The Young Fogey has done a good job of covering a number of things in the wake of the election. Spirits do seem to be running high in the libertarian camp this week. Among the items I found fascinating was this video featuring a discussion from awhile ago between Ron Paul, Rand Paul, and Sarah Palin:
Judge Andrew Napolitano goes to great lengths to find out where these three politicians have common ground, where they can work together to build a practical political coalition. Someone in the course of the conversation said that if another man agrees with you 80 percent of the time, he’s your ally and not your enemy. I’d say it depends on how essential the other 20 percent is. Even Ed Rendell, who was also interviewed, was able to agree with much of what was said in the earlier segment of the show. Keep an eye on him as a potential challenger to Obama if the situation for the Democrats doesn’t improve.
There have been many fears that the whole Tea Party phenomenon could be co-opted by the mainstream corporatist right. This is a possibility not to be discounted, and in fact it seems to me that it’s already happened to some undetermined extent. Another seemingly as-yet unexplored possibility also looms, however: Assuming a candidate with unassailable libertarian credentials is elected to the White House in 2012, will he or she be able to resist the allure of power? Will anarchists like me suddenly begin to defend the State because there is someone in place with whom it’s easier to have a measurable degree of sympathy? If this seems ridiculous, think of where the Reagan movement started, and where it ended. The only thing holding it all together was a smug optimism about America being the greatest country on earth.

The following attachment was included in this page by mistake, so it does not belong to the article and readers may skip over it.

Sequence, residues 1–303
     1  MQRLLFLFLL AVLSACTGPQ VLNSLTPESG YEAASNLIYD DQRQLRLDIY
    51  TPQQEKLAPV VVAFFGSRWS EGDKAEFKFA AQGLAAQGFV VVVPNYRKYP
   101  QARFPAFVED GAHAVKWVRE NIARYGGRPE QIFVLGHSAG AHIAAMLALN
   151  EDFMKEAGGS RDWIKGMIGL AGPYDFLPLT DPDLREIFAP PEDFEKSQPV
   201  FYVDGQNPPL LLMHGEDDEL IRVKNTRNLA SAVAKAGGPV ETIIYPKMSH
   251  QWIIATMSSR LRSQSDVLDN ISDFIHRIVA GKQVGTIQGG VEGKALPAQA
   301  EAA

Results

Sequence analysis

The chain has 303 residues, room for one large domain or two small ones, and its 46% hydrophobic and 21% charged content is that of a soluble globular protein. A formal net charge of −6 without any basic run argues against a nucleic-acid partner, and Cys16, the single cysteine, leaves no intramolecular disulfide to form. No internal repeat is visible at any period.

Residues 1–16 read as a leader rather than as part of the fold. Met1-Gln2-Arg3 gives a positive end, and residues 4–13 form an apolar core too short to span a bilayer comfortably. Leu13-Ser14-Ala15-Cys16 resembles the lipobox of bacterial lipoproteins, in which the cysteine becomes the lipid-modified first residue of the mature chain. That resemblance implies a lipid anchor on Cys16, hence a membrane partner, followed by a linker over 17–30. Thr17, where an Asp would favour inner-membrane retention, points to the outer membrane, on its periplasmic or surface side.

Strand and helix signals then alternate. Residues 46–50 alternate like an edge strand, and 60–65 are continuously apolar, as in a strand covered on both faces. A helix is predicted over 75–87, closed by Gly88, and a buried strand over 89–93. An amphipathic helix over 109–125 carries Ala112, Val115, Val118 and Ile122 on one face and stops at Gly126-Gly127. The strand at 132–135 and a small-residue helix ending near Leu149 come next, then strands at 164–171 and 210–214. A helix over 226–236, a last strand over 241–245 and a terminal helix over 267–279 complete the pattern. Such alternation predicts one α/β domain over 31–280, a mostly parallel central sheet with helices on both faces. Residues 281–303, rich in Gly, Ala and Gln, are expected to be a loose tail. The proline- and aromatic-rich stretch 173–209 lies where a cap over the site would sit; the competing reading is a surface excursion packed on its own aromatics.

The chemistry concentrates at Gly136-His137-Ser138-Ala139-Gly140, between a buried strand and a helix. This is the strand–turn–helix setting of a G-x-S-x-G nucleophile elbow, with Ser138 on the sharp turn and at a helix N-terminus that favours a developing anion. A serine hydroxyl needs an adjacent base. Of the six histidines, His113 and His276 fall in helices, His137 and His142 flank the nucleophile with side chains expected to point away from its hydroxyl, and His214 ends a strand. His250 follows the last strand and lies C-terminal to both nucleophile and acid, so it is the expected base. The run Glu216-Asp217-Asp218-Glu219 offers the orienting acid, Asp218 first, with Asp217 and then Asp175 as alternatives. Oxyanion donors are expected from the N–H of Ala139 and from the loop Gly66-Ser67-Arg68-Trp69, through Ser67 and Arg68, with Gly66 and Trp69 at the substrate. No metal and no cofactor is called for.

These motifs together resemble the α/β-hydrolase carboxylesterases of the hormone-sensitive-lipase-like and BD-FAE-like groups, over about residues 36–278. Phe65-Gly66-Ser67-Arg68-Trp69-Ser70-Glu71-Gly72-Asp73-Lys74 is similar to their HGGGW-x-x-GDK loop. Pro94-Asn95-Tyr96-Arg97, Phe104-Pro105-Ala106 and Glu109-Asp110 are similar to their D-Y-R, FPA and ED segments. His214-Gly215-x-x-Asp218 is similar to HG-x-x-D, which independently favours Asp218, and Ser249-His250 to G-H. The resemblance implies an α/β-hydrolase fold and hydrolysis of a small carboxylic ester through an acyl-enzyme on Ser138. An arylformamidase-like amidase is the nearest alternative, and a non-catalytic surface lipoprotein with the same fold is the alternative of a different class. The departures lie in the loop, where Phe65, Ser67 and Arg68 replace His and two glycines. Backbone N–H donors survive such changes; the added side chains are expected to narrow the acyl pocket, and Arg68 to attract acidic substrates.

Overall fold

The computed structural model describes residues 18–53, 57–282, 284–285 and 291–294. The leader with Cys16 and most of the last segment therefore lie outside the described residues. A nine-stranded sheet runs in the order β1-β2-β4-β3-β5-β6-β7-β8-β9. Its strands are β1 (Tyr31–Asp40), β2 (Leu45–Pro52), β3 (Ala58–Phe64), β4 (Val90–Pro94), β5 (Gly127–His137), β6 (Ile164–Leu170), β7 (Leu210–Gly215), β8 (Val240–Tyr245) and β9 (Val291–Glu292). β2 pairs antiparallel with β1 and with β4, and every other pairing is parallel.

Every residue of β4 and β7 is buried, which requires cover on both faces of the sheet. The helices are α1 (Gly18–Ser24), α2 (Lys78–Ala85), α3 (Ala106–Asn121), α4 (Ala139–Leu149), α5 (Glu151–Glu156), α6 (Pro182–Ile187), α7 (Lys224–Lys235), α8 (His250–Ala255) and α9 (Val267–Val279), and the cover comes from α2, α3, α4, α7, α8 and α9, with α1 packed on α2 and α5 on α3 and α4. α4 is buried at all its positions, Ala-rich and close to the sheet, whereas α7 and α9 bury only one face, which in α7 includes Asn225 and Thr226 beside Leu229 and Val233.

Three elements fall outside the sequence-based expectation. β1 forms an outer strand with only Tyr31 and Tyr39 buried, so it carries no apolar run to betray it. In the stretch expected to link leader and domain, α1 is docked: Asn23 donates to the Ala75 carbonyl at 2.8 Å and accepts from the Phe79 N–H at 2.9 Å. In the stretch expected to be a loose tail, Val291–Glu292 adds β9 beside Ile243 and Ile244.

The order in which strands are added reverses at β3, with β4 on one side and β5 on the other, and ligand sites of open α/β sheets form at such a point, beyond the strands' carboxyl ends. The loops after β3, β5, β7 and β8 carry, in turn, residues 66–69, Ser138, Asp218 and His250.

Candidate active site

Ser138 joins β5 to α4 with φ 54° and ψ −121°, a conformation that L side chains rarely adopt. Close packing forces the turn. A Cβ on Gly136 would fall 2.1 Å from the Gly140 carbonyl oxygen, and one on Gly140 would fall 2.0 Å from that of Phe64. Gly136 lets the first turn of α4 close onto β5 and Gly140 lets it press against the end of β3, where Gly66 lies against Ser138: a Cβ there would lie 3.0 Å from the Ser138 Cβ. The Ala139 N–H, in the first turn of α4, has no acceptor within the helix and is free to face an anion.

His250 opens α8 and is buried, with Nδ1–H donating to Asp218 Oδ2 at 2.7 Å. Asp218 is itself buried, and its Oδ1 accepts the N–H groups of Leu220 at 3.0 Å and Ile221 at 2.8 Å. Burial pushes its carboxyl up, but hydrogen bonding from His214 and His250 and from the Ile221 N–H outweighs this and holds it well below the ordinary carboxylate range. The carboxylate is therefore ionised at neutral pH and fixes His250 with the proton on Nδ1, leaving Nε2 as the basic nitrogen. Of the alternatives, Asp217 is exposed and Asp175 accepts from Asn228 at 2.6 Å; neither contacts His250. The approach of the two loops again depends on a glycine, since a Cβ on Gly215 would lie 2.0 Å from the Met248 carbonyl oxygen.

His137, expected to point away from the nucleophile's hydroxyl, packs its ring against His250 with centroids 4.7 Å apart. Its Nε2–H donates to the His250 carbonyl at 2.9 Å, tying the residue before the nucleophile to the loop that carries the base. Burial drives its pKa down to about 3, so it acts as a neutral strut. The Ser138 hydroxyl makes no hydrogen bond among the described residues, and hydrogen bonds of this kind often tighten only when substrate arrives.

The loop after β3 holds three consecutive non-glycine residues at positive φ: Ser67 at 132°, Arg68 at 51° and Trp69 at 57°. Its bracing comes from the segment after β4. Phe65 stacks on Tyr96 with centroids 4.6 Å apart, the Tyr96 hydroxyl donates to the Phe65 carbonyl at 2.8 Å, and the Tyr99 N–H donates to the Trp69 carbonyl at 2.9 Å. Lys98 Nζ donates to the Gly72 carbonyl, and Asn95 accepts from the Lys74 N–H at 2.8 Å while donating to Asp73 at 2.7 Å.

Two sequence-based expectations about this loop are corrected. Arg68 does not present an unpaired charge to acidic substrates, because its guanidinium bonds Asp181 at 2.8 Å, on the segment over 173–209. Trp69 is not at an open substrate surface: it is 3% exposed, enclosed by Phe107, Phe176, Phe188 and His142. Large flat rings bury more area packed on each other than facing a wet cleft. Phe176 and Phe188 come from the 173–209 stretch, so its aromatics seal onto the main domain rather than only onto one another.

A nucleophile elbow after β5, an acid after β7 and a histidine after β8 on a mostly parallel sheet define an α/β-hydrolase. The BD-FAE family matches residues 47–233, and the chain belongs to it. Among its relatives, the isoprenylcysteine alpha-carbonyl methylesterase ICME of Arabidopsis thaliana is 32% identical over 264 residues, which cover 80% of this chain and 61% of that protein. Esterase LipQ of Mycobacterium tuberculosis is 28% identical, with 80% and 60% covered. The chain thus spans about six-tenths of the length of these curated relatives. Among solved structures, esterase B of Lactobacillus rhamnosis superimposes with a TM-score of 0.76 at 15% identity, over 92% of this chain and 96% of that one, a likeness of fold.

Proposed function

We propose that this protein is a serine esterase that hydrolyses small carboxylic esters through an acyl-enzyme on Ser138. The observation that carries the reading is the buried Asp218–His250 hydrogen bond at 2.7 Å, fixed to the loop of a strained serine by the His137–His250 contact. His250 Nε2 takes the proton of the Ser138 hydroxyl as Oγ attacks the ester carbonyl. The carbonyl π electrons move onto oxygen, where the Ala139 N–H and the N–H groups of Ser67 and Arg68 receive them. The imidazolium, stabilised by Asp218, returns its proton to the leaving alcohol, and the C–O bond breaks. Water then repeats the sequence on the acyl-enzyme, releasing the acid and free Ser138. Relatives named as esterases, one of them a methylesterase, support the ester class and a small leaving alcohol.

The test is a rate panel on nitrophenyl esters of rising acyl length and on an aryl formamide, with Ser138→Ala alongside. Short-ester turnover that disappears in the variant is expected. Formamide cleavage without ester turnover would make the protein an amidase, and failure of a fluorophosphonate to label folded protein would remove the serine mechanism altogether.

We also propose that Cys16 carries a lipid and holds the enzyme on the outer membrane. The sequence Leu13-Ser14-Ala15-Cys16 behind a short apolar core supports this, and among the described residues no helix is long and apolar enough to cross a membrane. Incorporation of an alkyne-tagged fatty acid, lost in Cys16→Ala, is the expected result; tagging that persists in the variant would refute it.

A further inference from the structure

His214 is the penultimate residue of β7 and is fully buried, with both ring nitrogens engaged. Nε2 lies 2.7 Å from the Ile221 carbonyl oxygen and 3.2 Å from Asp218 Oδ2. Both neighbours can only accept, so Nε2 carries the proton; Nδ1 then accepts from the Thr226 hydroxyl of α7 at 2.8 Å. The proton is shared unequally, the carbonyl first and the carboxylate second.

This is not to say that I find faults in the characters of the Pauls or even of Sarah Palin; I’m in no place to judge any of their souls. But the corruption that comes from power is part of human nature. Look at where the modern Left has placed itself: some of the hippies burning draft cards in the 1960’s are now in the Congress, routinely voting to extend hopeless foreign military ventures. Many of the other “draft-dodging” (good for them!) hippies are voting for these Congressmen, and with little sense of reluctance, to boot. Will today’s libertarian movement end up the same way? Ayn Rand’s libertarian credentials are highly questionable; nevertheless she’s certainly on the rightward side of the political spectrum and joined happily in the clamor for small government during her lifetime. Yet, she ended her life advocating for compulsory military conscription. Will today’s libertarians, after a possible political victory, go down in a similar moral defeat?